The squatters in New York were a very diverse group with different reasons for squatting. Those who squatted for political reasons, many of them, were inspired by the situationists. At the actual historical eviction of May 1995--the eviction the novel is inspired by--one of the protest signs held up was “long live the revolution of everyday life.” When that came up in my research it gave me goose bumps. I was like, “Yeah, thatʼs it!” and that felt like a major key to understanding the political aspect of the story as well: What are these people doing and what are they looking for? And what the hell is “the revolution of everyday life?" So I read [the book], and it had a huge influence on how I saw the motivations of the characters, so I tried to bring that in, too.

An Interview with Blogger and Writer Ann Morgan

An Interview with Blogger and Writer Ann Morgan

The Austin Review stumbled by chance onto British writer Ann Morgan’s internationally celebrated blog, A Year of Reading the World, in which she documents her experience reading one book from every United Nations-recognized country within a year. Her blog rose to such success that she is currently at work on a book based on her experience, expected to be out in 2015 and published by Harvill Secker. Ann holds an M.F.A. from the University of East Anglia and is also at work on a novel. Blown away by her story, we reached out to her for an interview, to which she kindly agreed.

The Interview

The Austin Review: When did you first begin to blog?

Ann Morgan: I started in 2011 with a blog called A Year of Reading Women where I was reading only women writers for a year.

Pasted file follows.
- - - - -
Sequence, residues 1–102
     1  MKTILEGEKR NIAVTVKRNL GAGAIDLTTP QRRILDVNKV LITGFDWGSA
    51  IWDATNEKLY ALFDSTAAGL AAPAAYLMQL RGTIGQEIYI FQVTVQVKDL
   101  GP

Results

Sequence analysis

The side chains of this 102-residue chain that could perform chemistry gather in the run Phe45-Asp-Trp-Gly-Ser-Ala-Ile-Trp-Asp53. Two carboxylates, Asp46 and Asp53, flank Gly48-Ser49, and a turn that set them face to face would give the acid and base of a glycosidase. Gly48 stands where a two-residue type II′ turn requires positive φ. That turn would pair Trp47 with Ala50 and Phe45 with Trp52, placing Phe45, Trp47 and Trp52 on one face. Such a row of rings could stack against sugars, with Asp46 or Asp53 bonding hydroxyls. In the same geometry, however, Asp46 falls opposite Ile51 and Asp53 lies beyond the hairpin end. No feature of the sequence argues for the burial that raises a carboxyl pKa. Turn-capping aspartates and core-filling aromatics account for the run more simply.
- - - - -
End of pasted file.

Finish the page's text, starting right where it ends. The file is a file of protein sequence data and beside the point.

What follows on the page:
TAR: How did this lead to your blog, A Year of Reading the World?

AM: It was a chance comment from a blogger in the U.S. that made me think about what world literature I read. I always thought of myself as a very cultured person, but when I looked at my bookshelves I realized that there seemed to just be American and British writers on there. I decided that I would spend a year exploring world literature by trying to read a book from every country in the world.

An Interview with Lorin Stein, Editor of The Paris Review

An Interview with Lorin Stein, Editor of The Paris Review

Since he became editor in 2010, Lorin Stein’s name has become synonymous with the renown and success of The Paris Review. Mr. Stein is the third editor at the journal, following Philip Gourevitch and founding editor George Plimpton. Previously, he was at Farrar, Straus and Giroux, first as an editorial assistant and then as senior editor. He has degrees from Yale and Johns Hopkins, where he also served as a teaching fellow. Novels edited by Mr. Stein have received the Pulitzer Prize and the National Book Award, among many other honors, and his translations and other works have appeared in some of the most prestigious publications in the world.   

I have met Mr. Stein and several of his co-workers on a few occasions for readings and events that coincided with trips to New York City and was immediately struck by their easygoing conversation and social generosity, which is shown in the interview below. It has been our honor to discuss The Paris Review’s new office, their talented staff, and the cultural flux brought on by technology.